Let NORAH Do The Talking

Let NORAH do the talking

Whether you’re interested in Norfolk’s maritime heritage, medieval treasures in the archives or the history of Eccles church, there’s something for your group on the talks list. Our speakers are either trustees of NORAH or volunteers offering their time to NORAH. Furthermore, they are experts in their field of interest and are wanting to share and engage with anyone interested in Norfolk’s past.


NORAH in Cromer

In September 2017, NORAH trustee David Stannard delivered an evening talk to the Friends of Cromer Museum. Spoyl’d by the Rage of the Sea, was a brief history of North Sea storms and their devastating effects. The talk concluded with a review of the many organisations and institutions created by coastal communities to mitigate the impact of these events.


extract from Dr Tanner's index of Norwich diocesan institution books regarding the demise of Eccles church to coastal erosionDavid’s interest in this subject is linked to his research into the history of Eccles next the Sea and its relationship to the sea.

Peter Stibbons, Chairman of the Friends of Cromer Museum commented, ‘This talk provided us with an excellent start, both in the way of numbers attending and the subject matter for our first talk of the autumn/winter series. As well as demonstrating the depth of David’s investigations into the storms affecting our coast over the last 1,000 years, it opened up a range of new thoughts on how and why these storms occur.”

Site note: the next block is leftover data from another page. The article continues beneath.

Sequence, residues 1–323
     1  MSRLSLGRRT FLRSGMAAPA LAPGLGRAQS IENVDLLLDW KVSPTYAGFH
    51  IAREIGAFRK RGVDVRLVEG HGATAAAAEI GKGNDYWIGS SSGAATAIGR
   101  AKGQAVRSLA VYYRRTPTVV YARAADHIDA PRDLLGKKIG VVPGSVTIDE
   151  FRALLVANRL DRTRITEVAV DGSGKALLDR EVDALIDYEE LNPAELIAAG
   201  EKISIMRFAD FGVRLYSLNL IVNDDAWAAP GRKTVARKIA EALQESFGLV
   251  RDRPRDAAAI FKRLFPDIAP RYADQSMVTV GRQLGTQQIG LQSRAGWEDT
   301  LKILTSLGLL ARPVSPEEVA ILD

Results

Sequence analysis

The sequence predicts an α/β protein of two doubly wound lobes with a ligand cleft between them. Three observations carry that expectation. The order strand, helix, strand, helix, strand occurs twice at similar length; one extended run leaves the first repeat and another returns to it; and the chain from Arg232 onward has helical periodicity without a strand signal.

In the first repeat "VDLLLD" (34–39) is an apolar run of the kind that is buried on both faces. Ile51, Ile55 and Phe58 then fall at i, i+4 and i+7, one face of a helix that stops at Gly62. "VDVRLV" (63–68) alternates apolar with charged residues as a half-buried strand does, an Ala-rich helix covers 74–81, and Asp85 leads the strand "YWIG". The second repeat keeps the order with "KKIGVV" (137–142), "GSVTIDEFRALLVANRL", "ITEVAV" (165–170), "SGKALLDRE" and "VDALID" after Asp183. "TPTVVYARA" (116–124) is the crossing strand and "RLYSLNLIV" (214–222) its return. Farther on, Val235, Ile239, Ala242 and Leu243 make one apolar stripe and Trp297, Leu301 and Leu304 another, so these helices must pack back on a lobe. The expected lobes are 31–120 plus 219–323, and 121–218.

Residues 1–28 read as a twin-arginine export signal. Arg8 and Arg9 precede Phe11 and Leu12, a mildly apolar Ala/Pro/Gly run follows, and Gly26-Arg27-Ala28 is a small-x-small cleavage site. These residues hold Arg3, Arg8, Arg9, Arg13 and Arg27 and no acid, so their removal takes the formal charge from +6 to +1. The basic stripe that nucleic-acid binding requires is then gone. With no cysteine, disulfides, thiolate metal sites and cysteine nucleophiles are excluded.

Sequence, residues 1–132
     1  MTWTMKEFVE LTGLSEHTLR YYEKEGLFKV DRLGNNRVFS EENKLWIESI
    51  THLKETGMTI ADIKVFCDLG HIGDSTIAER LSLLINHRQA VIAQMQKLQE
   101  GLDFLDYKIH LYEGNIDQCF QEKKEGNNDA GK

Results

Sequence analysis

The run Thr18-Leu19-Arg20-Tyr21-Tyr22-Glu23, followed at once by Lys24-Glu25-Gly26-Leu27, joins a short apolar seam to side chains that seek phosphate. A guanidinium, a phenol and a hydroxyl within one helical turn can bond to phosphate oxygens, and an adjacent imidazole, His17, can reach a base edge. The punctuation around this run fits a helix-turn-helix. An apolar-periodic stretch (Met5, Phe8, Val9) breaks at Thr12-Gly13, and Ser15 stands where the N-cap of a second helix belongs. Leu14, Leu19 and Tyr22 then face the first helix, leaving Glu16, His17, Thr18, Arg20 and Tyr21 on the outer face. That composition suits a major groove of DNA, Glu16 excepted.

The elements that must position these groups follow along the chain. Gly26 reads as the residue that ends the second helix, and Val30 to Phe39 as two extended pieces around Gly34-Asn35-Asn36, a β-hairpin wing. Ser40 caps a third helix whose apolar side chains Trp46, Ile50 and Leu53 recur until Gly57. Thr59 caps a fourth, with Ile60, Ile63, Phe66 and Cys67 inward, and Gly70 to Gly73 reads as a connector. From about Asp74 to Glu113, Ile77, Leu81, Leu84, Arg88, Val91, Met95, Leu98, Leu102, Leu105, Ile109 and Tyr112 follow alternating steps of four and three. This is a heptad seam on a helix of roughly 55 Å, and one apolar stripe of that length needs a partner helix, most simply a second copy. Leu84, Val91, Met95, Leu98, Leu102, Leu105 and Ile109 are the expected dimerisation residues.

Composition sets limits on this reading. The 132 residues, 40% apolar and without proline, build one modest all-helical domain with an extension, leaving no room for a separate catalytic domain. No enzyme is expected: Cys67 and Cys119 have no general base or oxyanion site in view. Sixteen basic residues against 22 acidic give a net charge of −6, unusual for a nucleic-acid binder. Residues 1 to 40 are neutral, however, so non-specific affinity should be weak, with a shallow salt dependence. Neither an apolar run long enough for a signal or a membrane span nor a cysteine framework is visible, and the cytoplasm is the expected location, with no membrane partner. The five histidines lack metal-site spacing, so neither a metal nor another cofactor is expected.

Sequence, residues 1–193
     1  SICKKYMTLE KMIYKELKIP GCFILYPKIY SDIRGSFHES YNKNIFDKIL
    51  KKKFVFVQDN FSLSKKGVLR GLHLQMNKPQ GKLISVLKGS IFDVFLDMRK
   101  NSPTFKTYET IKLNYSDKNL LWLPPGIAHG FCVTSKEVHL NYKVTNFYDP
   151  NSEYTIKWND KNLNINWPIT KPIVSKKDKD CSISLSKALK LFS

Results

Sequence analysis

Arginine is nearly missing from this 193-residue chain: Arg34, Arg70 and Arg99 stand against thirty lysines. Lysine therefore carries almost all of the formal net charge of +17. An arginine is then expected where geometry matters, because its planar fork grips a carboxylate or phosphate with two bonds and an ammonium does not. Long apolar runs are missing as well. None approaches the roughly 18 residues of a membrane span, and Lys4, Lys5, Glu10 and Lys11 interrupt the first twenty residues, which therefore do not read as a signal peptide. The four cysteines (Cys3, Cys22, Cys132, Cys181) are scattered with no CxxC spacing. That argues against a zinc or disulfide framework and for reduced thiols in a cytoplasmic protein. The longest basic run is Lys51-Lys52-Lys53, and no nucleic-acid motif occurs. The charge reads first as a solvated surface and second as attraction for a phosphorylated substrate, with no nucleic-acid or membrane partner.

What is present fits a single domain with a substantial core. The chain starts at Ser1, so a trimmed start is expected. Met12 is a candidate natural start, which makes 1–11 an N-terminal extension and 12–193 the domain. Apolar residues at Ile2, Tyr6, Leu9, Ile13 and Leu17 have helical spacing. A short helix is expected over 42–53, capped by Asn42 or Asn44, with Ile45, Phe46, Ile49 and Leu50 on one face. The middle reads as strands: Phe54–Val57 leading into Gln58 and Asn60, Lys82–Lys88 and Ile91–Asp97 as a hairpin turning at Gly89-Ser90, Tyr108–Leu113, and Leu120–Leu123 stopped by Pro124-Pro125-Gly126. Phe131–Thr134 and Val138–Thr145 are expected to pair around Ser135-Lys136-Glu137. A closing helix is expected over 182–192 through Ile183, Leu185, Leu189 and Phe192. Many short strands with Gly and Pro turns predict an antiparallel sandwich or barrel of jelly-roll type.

NORAH was delighted to receive the continued support from the Friends of Cromer Museum and to work with them to promote Norfolk’s heritage.

Find out more

All speakers on the register give their time for free, but ask for a donation to be made to support the work of NORAH. For more details about the Talks and Speakers Register, or to request a talk, please see the NORAH website.


Entry in burial register for Wells-next-the-Sea of deaths at sea caused by Mother Gabley, 'a witch of King's Lynn'.
There are many archives which record the impact of storms on Norfolk’s coast. This extract is from the first parish register of baptisms, marriages and burials for Wells-next-the-Sea. It records deaths at Sea in December 1583 and attributes them to a witch of King’s Lynn. It is more likely, they were caused by a storm. The transcript has converted words to their modern spelling and abbreviations have been extended. Norfolk Record Office, PD 679/1.